Magglio Ordonez set for season-ending ankle surgery Wednesday

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According to Jason Beck of MLB.com, Magglio Ordonez is scheduled to undergo surgery Wednesday to stabilize his fractured right ankle, ending his season and most likely his career in Detroit.

Ordonez fractured the ankle on a slide into home plate on July 24. Today’s announcement marks an unfortunate, but not completely unexpected end to a resurgent season. The 36-year-old batted .303/.378/.474 with 12 homers and 59 RBI over 323 at-bats this season.

You won’t hear the Tigers complaining about this, but the injury cost Ordonez a $15 million vesting option for 2011. You see, he needed 135 starts or 540 plate appearances this season, or 70 starts or 1,080 plate appearances in 2009 and 2010 combined in order for the option to vest. With last month’s ankle injury, his clock stopped at 71 starts and 365 plate appearances in 2010 and 173 starts and 883 plate appearances over the past two seasons.

The good news is that the procedure is considered minor and Ordonez is expected to be ready for spring training next season, but even the healthiest of late-30s outfielder-DH types are a tough sell in free agency these days. 

Justin Turner is a postseason monster

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A not-insignificant amount of the Dodgers’ success in recent years has to do with the emergence of Justin Turner. In his first five seasons with the Orioles and Mets, he was a forgettable infielder who had versatility, but no power. The Mets non-tendered him after the 2013 season, a move they now really regret.

In four regular seasons since, as a Dodger, Turner has hit an aggregate .303/.378/.502. His 162-game averages over those four seasons: 23 home runs, 36 doubles, 83 RBI, 80 runs scored. And he’s also a pretty good third baseman, it turns out. The Dodgers have averaged 95 wins per season over the past four years.

Turner, 32, has gotten better and better with each passing year. This year, he drew more walks (59) than strikeouts (56), a club only five other players (min. 300 PA) belonged to, and he trailed only Joey Votto (1.61) in BB/K ratio (1.05). He zoomed past his previous career-high in OPS, finishing at .945. His .415 on-base percentage was fourth-best in baseball. His batting average was fifth-best and only nine points behind NL batting champion Charlie Blackmon.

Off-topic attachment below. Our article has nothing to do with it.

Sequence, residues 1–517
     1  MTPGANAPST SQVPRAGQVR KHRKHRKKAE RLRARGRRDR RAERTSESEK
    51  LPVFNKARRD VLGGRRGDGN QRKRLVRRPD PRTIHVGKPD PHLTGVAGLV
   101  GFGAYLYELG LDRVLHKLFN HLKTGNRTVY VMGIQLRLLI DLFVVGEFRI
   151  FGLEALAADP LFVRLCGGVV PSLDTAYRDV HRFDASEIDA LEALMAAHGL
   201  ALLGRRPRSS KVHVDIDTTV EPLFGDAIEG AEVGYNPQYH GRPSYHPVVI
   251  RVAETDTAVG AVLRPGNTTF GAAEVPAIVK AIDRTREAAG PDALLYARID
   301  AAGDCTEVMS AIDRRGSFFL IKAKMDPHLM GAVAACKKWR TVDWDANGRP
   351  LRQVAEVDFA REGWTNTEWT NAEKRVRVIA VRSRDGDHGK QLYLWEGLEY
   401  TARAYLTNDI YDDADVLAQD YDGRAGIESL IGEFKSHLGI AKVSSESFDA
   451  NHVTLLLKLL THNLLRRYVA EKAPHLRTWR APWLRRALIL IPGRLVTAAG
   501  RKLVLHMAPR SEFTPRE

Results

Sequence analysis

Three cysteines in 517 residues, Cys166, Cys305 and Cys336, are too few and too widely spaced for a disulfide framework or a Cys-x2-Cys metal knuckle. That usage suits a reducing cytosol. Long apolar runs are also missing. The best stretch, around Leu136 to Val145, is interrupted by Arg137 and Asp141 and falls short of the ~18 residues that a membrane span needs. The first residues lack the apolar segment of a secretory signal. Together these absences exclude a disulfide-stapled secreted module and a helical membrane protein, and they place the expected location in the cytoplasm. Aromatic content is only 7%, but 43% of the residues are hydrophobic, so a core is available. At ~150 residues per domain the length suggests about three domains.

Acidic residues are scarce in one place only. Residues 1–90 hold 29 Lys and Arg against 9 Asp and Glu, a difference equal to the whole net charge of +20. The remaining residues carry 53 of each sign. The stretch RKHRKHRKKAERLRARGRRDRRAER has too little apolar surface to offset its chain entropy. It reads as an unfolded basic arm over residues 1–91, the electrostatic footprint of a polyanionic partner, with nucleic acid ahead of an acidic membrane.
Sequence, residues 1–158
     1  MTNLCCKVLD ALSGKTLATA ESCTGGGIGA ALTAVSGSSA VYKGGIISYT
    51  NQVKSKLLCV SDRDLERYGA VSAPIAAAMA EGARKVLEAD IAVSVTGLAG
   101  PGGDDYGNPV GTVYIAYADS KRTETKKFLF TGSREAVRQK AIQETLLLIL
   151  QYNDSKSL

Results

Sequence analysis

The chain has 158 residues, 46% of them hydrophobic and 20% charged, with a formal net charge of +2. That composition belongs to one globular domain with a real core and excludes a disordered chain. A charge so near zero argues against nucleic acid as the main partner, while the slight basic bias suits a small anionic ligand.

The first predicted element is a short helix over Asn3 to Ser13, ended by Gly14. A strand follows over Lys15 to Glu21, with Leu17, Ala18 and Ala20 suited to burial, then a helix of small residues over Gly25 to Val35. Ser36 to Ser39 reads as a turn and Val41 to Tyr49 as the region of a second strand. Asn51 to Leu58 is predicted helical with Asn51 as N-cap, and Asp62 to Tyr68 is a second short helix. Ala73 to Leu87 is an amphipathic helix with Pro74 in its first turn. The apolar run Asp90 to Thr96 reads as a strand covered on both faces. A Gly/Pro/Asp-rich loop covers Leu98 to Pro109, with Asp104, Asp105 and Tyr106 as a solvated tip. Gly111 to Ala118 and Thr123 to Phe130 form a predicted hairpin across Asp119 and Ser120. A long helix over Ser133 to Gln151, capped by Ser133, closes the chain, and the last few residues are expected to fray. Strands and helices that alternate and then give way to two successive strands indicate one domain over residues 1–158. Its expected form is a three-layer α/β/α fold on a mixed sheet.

It doesn’t seem possible, but Turner has been even better in the postseason. He exemplified that with his walk-off home run to win Game 2 of the NLCS against the Cubs. Overall, entering Wednesday night’s action, he was batting .363/.474/.613 in 97 postseason plate appearances. In Game 4, he went 2-for-2 with two walks, a single, and a solo home run. That increases his postseason slash line to .378/.495/.659, now across 101 plate appearances. That’s a 1.154 OPS. The career-high regular season OPS for future first-ballot Hall of Famer Albert Pujols was 1.114 in 2008, when he won his third career MVP Award. Statistically, in the postseason, Turner hits slightly better than Pujols did in the prime of his career. Of course, we should adjust for leagues and parks and all that, but to even be in that neighborhood is incredible.

In the age of stats, the concept of “clutch” has rightfully eroded. We don’t really allow players to ascend to godlike levels anymore like the way we did Derek Jeter, for instance. (Jeter’s career OPS in the playoffs, by the way, was a comparatively pitiful .838.) Turner isn’t clutch; he’s just a damn good hitter whose careful approach at the plate has allowed him to shine in the postseason and the Dodgers can’t imagine life without him.